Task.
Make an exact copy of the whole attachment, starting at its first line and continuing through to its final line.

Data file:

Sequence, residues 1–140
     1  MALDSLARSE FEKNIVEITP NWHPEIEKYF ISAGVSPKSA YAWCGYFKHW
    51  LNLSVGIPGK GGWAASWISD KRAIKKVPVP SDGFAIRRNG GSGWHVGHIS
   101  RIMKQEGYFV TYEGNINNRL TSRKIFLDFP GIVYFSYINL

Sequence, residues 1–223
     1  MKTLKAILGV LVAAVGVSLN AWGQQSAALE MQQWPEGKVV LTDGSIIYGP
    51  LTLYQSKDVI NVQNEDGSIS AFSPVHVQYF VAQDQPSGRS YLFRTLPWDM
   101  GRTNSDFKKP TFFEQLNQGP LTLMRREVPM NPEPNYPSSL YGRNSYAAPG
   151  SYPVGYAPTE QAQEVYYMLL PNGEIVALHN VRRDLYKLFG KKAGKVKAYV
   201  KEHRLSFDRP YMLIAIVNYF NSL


Sequence, residues 1–140
     1  MALDSLARSE FEKNIVEITP NWHPEIEKYF ISAGVSPKSA YAWCGYFKHW
    51  LNLSVGIPGK GGWAASWISD KRAIKKVPVP SDGFAIRRNG GSGWHVGHIS
   101  RIMKQEGYFV TYEGNINNRL TSRKIFLDFP GIVYFSYINL

Sequence, residues 1–223
     1  MKTLKAILGV LVAAVGVSLN AWGQQSAALE MQQWPEGKVV LTDGSIIYGP
    51  LTLYQSKDVI NVQNEDGSIS AFSPVHVQYF VAQDQPSGRS YLFRTLPWDM
   101  GRTNSDFKKP TFFEQLNQGP LTLMRREVPM NPEPNYPSSL YGRNSYAAPG
   151  SYPVGYAPTE QAQEVYYMLL PNGEIVALHN VRRDLYKLFG KKAGKVKAYV
   201  KEHRLSFDRP YMLIAIVNYF NSL